4 Best Ways to Calculate Valuation of a Startup - with CALCULATOR

Fanni Kiss, Abduvosid Malikov, CEU iLab

July 24, 2020

In this article we present four methods how to calculate the valuation of your business. Each method is unique in its own way and takes different aspects into account to give you a more complete picture of the value of your startup company. We explain the theoretical background in more detail below, but if you're already familiar with them, we encourage you to use the calculator - we're sure it will be enlightening for your business!

The background

It is essential for entrepreneurs to put a value on their companies so that they know how much equity to give up, to seek equity investment. When entrepreneurs begin to seek investment, most investors expect to see an approximate valuation of the business. That is where startup valuation methods come into play.

Before we dive into valuation techniques, it is important for entrepreneurs to know in which stage their startup is. Depending on the stage of the startup, the founders can expect lower or higher offers from the investors. An adequate overview was given by seedstagecapital in this table: 

Source: Seed Stage Capital

If you’re in one of the early stages, the business valuation might be challenging, as sales have not started yet. The economic value of any investment is the present value of its future cash flows, as Brealy, Myers, and Allen state in the Principles of corporate financeFuture cash flow is the sum of cash (or cash-equivalent) payments that the company receives or gives in the future. However, this mainstream finance theory is less applicable for valuing early-stage businesses. Both venture capitalists and entrepreneurs are struggling with the high variance of valuations calculated from the extant methods for exactly the same entrepreneurship. In the next, we’ll take the relevant resources in order to give a comprehensive picture of the startup valuation aspects and methods. 

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Thinking with the head of an investor

An empirical research by Tarek Miloud, Arild Aspelund and Mathieu Cabrol examined what factors are taken into account by venture capitalists, when they evaluate a new venture. The empirical research has developed an integrated framework to study new venture valuation by venture capitalists and identified eight factors, which are positively related to the valuation of a new venture according to empirical models:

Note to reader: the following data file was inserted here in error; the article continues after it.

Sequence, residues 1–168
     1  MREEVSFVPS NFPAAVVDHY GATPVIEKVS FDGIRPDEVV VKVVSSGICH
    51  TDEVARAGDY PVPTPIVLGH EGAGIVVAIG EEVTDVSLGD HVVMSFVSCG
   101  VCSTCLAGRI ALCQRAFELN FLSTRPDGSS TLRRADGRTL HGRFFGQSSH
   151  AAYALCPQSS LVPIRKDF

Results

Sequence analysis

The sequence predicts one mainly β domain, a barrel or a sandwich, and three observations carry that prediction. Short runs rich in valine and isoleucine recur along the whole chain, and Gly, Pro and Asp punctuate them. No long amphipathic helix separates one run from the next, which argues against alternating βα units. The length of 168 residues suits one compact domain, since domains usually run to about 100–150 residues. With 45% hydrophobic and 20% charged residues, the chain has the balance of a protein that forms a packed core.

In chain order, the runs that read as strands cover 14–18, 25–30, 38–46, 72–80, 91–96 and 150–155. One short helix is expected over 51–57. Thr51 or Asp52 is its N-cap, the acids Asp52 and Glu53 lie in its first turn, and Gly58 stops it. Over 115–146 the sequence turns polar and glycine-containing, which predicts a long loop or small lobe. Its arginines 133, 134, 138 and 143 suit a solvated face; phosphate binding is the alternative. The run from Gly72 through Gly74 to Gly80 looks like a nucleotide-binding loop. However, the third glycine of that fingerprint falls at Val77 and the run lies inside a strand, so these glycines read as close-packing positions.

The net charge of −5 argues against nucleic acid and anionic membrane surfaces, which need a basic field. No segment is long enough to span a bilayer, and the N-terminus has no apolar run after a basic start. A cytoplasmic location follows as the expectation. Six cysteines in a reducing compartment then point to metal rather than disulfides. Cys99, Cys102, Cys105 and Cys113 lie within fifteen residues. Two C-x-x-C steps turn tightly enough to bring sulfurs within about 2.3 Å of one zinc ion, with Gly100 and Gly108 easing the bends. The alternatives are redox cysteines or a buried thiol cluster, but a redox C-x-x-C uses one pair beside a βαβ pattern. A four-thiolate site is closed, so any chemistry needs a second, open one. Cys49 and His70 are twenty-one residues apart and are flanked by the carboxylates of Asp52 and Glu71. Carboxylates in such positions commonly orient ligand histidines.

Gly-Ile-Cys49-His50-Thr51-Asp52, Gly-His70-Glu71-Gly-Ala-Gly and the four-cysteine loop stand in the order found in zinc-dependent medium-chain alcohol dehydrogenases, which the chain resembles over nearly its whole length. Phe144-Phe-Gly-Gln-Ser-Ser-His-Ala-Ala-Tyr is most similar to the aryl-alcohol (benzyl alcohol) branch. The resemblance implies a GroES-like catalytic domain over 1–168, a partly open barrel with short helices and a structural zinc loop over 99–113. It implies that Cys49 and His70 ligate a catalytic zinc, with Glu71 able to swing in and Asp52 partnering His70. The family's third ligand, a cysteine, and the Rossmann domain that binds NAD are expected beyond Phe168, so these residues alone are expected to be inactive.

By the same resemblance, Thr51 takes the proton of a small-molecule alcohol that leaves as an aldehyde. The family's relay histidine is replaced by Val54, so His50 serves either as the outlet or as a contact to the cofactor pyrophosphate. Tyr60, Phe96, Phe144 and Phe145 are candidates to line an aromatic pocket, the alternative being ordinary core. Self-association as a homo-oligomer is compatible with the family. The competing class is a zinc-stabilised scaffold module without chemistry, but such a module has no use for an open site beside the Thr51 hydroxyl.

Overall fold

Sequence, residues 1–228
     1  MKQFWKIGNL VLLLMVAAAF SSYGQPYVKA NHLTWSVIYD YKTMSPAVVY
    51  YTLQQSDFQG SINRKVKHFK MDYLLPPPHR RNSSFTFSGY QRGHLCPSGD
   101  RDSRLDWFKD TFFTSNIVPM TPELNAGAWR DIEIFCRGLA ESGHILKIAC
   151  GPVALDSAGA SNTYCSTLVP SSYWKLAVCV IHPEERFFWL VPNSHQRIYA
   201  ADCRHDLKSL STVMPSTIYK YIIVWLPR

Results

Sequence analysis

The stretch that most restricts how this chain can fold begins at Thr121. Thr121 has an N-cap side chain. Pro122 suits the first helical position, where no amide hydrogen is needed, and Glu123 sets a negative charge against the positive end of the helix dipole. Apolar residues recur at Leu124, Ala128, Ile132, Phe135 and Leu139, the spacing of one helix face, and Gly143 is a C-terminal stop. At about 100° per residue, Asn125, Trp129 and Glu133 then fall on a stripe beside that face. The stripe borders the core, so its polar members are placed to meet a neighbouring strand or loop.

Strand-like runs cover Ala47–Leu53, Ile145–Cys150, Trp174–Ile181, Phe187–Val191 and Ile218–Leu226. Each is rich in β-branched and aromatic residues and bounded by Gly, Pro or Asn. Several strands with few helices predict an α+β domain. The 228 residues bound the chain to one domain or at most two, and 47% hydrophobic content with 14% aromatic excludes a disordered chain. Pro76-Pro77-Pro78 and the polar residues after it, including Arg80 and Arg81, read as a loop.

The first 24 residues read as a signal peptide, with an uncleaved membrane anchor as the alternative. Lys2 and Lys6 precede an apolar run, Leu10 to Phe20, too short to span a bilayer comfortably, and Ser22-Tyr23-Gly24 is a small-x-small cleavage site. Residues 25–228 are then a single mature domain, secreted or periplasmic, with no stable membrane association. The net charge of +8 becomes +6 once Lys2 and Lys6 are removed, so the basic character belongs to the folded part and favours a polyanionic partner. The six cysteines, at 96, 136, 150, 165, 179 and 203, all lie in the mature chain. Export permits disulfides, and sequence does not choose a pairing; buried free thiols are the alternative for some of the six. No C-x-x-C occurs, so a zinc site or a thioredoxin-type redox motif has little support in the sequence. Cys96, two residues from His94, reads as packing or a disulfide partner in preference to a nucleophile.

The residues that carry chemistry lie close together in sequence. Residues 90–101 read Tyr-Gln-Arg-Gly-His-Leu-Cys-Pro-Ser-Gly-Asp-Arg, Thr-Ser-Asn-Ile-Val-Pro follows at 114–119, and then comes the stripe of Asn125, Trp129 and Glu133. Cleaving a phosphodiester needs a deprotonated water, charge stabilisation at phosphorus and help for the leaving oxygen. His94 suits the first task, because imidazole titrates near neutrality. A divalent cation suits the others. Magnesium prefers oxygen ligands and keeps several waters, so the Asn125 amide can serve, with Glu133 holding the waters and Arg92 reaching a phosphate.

1. The degree of product differentiation of an industry is positively related to the valuation of new ventures in this industry. Product differentiation refers to the process of distinguishing your product or service from others in the market, to make it more attractive, for example by advertising your product.
  2. The growth rate of an industry is positively related to the valuation of new ventures in this industry. Industry growth is usually rapid in the early stages of the industry life cycle.  Industries in the early stages of development provide an opportunity for new entrants to capture the new demand in markets. Also, if you enter a relatively new market, it is also less likely to be revenged by competitors, who have entered the given market before.
  3. A new venture is valued higher if its founder has relevant industry experiences before founding the venture. It refers to the number of years the entrepreneur has worked in a similar industry. Similarly, another report found that growth firms tend to be led by entrepreneurs who began their venture based on ideas developed in their previous jobs.
  4. A new venture is valued higher if its founder has previous top management experiences. If the founder has skills and experience in managing people, who are on different levels of the organization, it means that he knows the necessary strategies and organizational structures to grow the tiny new venture to a larger size that requires more sophisticated management infrastructures to support.
  5. A new venture is valued higher if its founder has previous startup or entrepreneurial experiences. It indicates a set of entrepreneurial skills, contacts, network and business reputation.
  6. New ventures founded by a team of founders are valued higher than those founded by one founder. It seems that it is more difficult to survive if the startup is a ‘one-man’ show, as no one can have all the necessary skills and knowledge to effectively compete. More founders means that there are more people available to do the enormous job of starting a new firm and that there is more opportunity for specialization in decision making.